Ilardi also discusses the importance of motivation for any meaningful change. Exercise in particular will require some incentive, because humans are attuned to avoid unnecessary, inefficient effort. But if we roll things together—exercise as opportunity to spend time with friends, for instance, or discovering a hobby that involves deep muscular effort—we can extract maximum benefits from separate, individual activities.
This isn’t some mere list of pointers, moreover. After walking us through his six steps, including explaining how and why each works, Ilardi provides a graduated twelve-week approach to incorporating his TLC into regular life. This includes not only adding his six steps, but also documenting your symptoms according to an objective scale, and keeping good records. You and your doctor should find his measurement scale very helpful.
Dr. Ilardi stresses, early on, that nobody should undertake any lifestyle change, even his, without consulting a doctor first. Depression can stem from physical ailments, which your doctor should exclude first; and rapid lifestyle changes, like aerobic exercise and dietary supplements, carry risks which you and your doctor can minimize. So don’t just grab Ilardi’s book and run. And certainly don’t base lifestyle changes on one 750-word book review.
Though Dr. Ilardi talks up TLC for clinical depression, he stresses that this isn’t only for people with mood disorders. His techniques improve general health, including heart health, and also improve general mutual accountability. His steps are straightforward, manageable, and fun. Since half of all Americans will face major mood disorders, and TLC can prevent as well as cure, this approach is truly for everyone.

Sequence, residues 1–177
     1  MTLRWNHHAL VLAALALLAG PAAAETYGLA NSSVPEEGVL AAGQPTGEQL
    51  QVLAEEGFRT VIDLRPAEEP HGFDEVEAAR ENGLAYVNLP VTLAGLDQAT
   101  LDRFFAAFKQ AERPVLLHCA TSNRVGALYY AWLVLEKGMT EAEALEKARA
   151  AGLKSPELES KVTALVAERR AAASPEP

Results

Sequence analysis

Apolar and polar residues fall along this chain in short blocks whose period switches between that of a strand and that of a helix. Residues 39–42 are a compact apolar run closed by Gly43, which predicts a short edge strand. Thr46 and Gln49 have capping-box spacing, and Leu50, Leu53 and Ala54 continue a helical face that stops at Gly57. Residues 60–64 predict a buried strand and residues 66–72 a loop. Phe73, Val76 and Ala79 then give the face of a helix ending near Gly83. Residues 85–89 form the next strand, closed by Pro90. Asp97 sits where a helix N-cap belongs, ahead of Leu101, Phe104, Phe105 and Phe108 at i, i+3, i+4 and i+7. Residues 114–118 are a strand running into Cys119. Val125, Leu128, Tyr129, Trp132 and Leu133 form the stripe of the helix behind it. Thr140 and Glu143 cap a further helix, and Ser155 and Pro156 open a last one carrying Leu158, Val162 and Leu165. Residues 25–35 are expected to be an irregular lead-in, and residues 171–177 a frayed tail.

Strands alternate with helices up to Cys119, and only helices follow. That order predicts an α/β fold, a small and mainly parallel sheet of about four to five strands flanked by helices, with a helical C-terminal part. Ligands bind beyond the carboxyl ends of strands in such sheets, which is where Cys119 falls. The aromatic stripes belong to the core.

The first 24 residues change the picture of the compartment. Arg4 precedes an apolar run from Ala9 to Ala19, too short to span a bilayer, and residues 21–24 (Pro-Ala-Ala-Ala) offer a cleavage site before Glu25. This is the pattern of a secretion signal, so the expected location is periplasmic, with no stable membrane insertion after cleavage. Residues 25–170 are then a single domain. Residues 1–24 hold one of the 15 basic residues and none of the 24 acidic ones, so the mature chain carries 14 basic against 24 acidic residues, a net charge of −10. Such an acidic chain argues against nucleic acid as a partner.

on October 3, 2009
One of the best books on depression!
I have been looking for a book that will provide easy and realistic non-drug alternatives for treating depression for quite some time, and finally it's here!
Dr. Ilardi provides complete set of tools to deal with depression that ANYONE can use.
The book is very easy to read, and allowed me to learn about various causes of depression without feeling like I am back in my anatomy class. I could not put the book down and finished reading it in 2 days..
I liked that the book provides different option depending on the person's individual situation (sleep patterns, diet...etc), and provides FAQ section that deals with the most common problems/questions patients typically have.
I have started my TLC program 3 days ago, and already feel some noticeable improvement, but I will report back in a couple of weeks when the "evidence is more conclusive"-)
on March 1, 2011
I got this book for my husband, and he has been following the program for about 4 weeks.
He has had a total turn around in his depression... Whereas before he felt overwhelmed and unfocused, he is now happy and excited; engaged and proactive about his life.
I recommend this book to EVERYONE. In 4 weeks of light box use and supplements - with increased exercise and socializing - he's gone from a 30 on the depression scale to a 10.
on June 18, 2011
I had high hopes for this book after hearing Dr Ilardi on the radio.
So I went straight out and bought it. And I've given it a really good go. But you know what, it just doesn't make any difference to me. I'm still as depressed as I was at the start.